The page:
Last Week in Foreign Affairs (January 7 - January 13)
Mexico Faces Gas Shortage
Parts of Mexico including the capital, Mexico City, have been experiencing extreme gasoline shortages for over two weeks. The new president, Andres Manuel Lopez Obrador (AMLO), made fighting corruption a signature part of his platform during the campaign. Over the past several years, organized crime syndicates have begun to tap state-run pipelines to steal and sell oil - AMLO stated this resulted in a loss of 60 billion pesos, the equivalent of roughly $3.14 billion, last year alone. These operations have led to firms building warehouses on top of the pipelines in certain states to syphon as much oil as possible, oftentimes with the support of corrupt officials in local government. To combat this, AMLO decided to simply shut off thousands of pipelines across the nation in favor of trucks and tankers. While this shutdown may avoid some of the corruption plaguing the pipelines, it has also resulted in a much slower transfer of oil across the sprawling country, preventing the pipelines from meeting demand. Pemex, the state-run oil company, has just released a plan to to reopen over 3,500 pipelines to alleviate some of the shortages, but without a major government initiative to combat corruption at the local level, a long-lasting solution will be difficult to find.
Theresa May’s Brexit Plan Heads to a Vote
The British Parliament will almost certainly face defeat when members vote on Theresa May’s Brexit plan on Tuesday. This past week leading up to the vote has been tumultuous at best, spawning debate over what the appropriate next steps should be. Three major avenues of approach have taken shape over the past week, each with noticeable downsides and few positives. The first potential action is that Parliament votes down the measure, meaning it will take no action until March 29th, the day that the UK is officially set to leave the European Union (EU). While political and economic experts have not reached a consensus on the negative implications of such a “hard Brexit” approach, there is a general prediction that Britain’s economy would suffer as a result. In fact, over one trillion dollars in banking and service industry money has already left the country in anticipation of the expected financial woes.
The second option involves Parliament declaring a collapse of government, which would lead to Theresa May’s resignation or more likely, the initiation of a vote of no confidence by the opposition parties. Leader of the Labour Party Jeremy Corbyn has called for a general election to ride the wave of anti-conservative backlash that accompanying the negotiations, and the collapse of the Tory government would go a long way towards beginning that process. Corbyn has faced, however, increasingly loud calls to support a second referendum, but others feel the proposed vote doesn’t seem feasible in the short time frame left. The final option being discussed, albeit more quietly, is the possibility that Parliament votes to simply stop Brexit. This approach would likely be disastrous for conservatives, especially those whose districts voted overwhelmingly to leave. The European Court of Justice recently ruled that the UK Parliament could stop the Brexit process unilaterally at any time. While it may seem like the most unlikely of the three options now, much can change in the coming days.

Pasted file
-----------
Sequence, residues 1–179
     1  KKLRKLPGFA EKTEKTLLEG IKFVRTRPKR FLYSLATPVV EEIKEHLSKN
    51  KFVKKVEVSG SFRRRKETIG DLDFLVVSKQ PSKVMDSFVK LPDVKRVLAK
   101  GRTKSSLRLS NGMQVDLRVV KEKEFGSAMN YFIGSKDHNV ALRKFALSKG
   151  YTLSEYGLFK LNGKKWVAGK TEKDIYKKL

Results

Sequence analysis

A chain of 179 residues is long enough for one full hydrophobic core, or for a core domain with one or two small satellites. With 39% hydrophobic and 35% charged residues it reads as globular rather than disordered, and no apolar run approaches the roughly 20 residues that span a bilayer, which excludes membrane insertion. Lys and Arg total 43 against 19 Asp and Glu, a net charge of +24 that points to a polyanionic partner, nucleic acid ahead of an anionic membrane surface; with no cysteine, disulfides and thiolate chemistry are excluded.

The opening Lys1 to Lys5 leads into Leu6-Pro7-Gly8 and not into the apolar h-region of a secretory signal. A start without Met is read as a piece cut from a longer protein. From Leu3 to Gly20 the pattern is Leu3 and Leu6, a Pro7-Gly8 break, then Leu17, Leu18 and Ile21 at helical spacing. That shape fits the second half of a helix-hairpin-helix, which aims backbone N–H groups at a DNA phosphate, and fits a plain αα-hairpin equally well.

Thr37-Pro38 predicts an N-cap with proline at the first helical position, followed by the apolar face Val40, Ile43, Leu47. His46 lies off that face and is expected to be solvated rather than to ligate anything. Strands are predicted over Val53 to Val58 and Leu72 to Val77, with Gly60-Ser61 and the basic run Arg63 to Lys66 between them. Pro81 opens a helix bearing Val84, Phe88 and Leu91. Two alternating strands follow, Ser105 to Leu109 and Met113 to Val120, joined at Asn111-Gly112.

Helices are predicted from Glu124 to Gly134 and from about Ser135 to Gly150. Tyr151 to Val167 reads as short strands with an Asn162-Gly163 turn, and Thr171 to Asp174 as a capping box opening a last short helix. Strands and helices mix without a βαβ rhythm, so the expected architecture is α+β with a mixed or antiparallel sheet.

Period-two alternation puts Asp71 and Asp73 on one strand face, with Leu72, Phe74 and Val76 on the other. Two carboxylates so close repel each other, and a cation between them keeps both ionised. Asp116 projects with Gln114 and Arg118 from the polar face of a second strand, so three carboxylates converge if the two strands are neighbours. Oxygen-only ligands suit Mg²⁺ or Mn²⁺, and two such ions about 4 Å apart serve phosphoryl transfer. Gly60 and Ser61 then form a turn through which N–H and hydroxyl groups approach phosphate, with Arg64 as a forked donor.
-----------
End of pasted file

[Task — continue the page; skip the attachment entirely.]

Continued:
DRC Election Battle Continues
In what became a contentious battle for the presidency, the Democratic Republic of Congo has elected the opposition candidate, Felix Tshisekedi, as its new leader following the resignation of President Joseph Kabila. Another contender, Martin Fayulu, who was initially leading in the polls, has asked for a recount. The December 30th elections were reportedly marred with voting irregularities and evidence of intimidation and violence in what was supposed to be the DRC’s first peaceful transition of power in sixty years. The Congo Catholic Church, one of the most influential NGOs in the country, also disputed the election results, claiming that its 40,000 election observers collected data that did not match the Electoral Commissions’ published work. The United Nations and the United States have yet to endorse any candidates and are still attempting to verify election results from their own set of observers. This election was seen as crucial to the fledgling democracy, and any forms of political upheaval or violence could potentially shatter the fragile situation.
Canada Announces New Immigration Initiative
The Canadian Parliament on Friday announced that it would welcome one million new permanent residents to the country over the span of just three years. Ahmed Hussen, Canada’s Minister of Immigration, Refugees, and Citizenship announced the initiative by declaring, "Thanks in great part to the newcomers we have welcomed throughout our history, Canada has developed into the strong and vibrant country we all enjoy." The decision to accept an influx of immigrants may have been influenced by Canada’s aging population need for a stronger and more vibrant workforce. These same issues have been plaguing other Western nations as well, but many of these countries have not yet turned to immigration as a tool to combat demographic strain on social policies.